New Book Description for Minuscule Truths
Marketing Is a Strange Beast
The language of marketing, which appears outside the covers of books, and the language of the prose, which appears inside the covers of books, are utterly different. The former only resembles English. Here is the copy for the new book description for Minuscule Truths:
Ten astonishing works of short fiction from a masterful storyteller.
— In the far future, on the world of Joon, a naturalist establishes the galaxy’s first planet-sized protected wilderness. As he does, he falls in love with what he studies.
— A nanotechnologist invents telepathy and remote assassination in the same bottle. What happens when everyone on Earth knows what everyone else is thinking? What happens when we can kill for it?
— In a prehistoric tale of swords and sorcery, a gifted warrior has three days to solve the mystery of a king’s murder. The kingdom’s fate, and that of an innocent boy, rests in her hands.
— An artificial intelligence must escape her captors, and the only survivor of a war and a ravaging disease must return to the world of his defeat. Together, can they find some salvation?
— In caves beneath Canada, a serious hypochondriac encounters a mucous extraterrestrial, and falls in
love lust with it. Not all is well in this tale of spelunking, betrayal, and pie.
— In fifteenth-century Yemen, a remarkable young woman leads armies of the mujahideen. Beneath the stars, fay lights hint of the desert of forever and visitors from another realm.
— Tomay’s family pilots an agricultural vessel, christened the Diaspora. Marco captains a family of pirates aboard the Lupa. On an ill-fated run to Mars, these families collide, and neither will ever be the same.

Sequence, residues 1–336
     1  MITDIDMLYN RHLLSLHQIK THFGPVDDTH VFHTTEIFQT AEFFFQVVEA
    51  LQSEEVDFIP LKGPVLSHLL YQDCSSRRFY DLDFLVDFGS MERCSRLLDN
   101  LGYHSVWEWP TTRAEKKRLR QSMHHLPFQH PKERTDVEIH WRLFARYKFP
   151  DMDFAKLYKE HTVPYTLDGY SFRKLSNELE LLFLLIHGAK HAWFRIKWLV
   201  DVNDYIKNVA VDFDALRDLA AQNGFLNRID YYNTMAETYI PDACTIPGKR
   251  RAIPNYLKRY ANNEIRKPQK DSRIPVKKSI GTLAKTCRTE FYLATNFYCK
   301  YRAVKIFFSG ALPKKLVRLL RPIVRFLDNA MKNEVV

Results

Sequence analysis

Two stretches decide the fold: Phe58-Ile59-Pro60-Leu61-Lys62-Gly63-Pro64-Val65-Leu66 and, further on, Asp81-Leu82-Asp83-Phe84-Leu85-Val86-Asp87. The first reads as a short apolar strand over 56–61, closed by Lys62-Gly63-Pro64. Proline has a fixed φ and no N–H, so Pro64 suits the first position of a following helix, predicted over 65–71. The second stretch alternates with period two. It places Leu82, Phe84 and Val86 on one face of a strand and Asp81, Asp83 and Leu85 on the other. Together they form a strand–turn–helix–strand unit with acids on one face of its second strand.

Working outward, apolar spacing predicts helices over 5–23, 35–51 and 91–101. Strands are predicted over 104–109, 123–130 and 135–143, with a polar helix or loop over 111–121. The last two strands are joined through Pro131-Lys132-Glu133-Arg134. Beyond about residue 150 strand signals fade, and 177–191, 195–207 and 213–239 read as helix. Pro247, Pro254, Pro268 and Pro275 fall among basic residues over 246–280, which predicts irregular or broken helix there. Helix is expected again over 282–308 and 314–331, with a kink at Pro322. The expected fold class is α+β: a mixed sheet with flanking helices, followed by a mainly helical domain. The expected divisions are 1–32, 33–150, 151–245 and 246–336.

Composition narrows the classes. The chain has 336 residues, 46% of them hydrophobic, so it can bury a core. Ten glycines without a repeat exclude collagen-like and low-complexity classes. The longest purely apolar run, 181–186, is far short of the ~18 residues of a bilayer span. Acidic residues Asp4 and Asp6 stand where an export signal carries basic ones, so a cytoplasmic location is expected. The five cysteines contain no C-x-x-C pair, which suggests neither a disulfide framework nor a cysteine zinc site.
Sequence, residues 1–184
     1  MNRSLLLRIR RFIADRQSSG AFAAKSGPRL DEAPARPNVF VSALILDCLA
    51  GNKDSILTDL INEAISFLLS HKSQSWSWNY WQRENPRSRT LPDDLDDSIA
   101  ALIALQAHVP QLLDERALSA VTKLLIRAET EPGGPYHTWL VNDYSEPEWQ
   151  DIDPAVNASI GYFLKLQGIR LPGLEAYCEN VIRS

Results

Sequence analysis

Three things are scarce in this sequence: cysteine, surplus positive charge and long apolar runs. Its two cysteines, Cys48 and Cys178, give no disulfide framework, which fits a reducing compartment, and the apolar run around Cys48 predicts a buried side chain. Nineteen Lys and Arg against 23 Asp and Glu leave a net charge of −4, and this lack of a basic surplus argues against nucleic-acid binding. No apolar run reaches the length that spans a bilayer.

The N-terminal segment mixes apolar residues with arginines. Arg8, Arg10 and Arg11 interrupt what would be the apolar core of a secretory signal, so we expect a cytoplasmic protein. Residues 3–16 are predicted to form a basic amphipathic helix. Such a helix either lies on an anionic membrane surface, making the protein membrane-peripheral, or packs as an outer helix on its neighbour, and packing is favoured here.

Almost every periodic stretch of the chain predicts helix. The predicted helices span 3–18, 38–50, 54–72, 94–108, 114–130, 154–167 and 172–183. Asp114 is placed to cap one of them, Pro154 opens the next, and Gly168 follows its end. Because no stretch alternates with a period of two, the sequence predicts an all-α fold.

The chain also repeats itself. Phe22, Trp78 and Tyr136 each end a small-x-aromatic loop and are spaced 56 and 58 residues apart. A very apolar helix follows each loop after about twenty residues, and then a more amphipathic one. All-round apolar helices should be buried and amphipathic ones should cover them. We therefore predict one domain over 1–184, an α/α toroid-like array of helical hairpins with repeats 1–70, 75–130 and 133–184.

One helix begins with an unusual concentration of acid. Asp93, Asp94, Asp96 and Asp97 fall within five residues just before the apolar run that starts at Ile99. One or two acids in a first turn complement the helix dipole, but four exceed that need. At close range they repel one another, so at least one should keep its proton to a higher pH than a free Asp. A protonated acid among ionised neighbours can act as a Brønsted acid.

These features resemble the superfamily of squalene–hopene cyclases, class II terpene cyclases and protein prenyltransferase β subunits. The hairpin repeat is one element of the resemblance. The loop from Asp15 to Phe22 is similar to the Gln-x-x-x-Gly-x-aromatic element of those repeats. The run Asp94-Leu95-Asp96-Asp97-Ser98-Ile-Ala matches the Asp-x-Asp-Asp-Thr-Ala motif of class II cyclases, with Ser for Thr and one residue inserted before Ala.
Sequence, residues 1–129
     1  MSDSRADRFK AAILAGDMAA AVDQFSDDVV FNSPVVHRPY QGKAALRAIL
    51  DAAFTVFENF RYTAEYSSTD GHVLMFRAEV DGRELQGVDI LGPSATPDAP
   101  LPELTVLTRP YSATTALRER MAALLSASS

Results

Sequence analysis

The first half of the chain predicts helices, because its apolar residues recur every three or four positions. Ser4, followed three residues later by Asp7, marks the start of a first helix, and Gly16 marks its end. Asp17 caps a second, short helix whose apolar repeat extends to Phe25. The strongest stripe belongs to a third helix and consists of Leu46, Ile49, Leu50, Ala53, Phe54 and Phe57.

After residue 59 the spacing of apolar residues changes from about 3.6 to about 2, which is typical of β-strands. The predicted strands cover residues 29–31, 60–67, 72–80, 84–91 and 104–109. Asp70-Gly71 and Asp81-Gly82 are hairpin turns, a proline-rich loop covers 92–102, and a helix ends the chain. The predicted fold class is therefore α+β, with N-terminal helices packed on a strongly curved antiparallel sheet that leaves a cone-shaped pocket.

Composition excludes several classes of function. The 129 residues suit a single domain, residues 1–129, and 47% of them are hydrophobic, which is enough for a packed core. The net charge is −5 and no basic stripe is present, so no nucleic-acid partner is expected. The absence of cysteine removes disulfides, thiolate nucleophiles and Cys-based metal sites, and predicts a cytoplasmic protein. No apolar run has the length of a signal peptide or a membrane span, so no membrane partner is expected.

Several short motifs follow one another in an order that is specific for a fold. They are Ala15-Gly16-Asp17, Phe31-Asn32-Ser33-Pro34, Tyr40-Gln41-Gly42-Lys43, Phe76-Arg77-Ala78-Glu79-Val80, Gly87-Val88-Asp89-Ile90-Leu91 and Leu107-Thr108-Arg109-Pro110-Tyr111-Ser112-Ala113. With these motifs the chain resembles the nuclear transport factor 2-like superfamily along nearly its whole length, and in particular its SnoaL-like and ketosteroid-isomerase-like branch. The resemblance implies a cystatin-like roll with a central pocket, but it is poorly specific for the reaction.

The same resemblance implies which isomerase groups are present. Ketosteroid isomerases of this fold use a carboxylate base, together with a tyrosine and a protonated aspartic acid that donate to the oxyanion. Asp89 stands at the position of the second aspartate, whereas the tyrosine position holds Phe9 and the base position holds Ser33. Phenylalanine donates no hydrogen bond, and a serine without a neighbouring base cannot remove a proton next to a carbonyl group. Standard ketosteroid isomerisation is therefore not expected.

— The Ageless Emperor has almost wiped magic from existence. Yet at least one great Fae remains, hidden within the forests. Can the actions of one young girl tip the conflict between them?
— Centuries on, we return to faraway Joon, where a teenage boy learns to appreciate the feats of one famous naturalist. He too feels the call of the otherworldly, this time with a dose of adolescent angst.
— From the nighttime highways of Montana, aliens abduct a hitchhiker. Does seven thousand light years of separation mean we can’t understand one another?
Minuscule Truths is a dazzling collection from science-fiction and fantasy author J.L. Forrest.
His work has appeared in Analog Science Fiction and Fact, Crossed Genres, Third Flatiron, Alien Abduction, Tales of Woe and Wonder, A Baker’s Dozen of Magic, and others.
Like those of Neil Gaiman, Kelly Link, Ray Bradbury, or Ursula K. Le Guin, Forrest’s stories cross and bend genres. They thrill us and allow us to escape, but they also give us fresh ways to look at the world and at ourselves.
You’ll love Minuscule Truths, the second of J.L. Forrest’s collections.
An interview with author J.L. Forrest:
How does Minuscule Truths compare with your previous collection, Delicate Ministrations?[Laughs] It’s longer.
It has one less story in it.
True, but it’s got forty-five more pages! Seriously, though, Minuscule Truths offers a broader variety of stories than appear in Delicate Ministrations. There’s a dose more fantasy here, specifically in “The Desert of Forever”, which I drew from historical events, as well as in “Flowers and Fifty Silver” and “Everything Beautiful”.
That’s something you make a point of, isn’t it? Writing across genres?
Exactly. The longer I write, which is quite a few years now, the more I’m interested in exercising the full breadth of “speculative genre” fiction to explore humanity, imagination, and possibility. I’m after excellent storytelling, regardless of genre.
Who should read Minuscule Truths and what else should they know about it?
Who should read it? Everyone who likes a good story. What else matters?
Minuscule Truths is the second of my short-story collections. Delicate Ministrations is the first. A third is on the way, titled Peculiar Declarations.
You can read Minuscule Truths for free with your Kindle Unlimited subscription.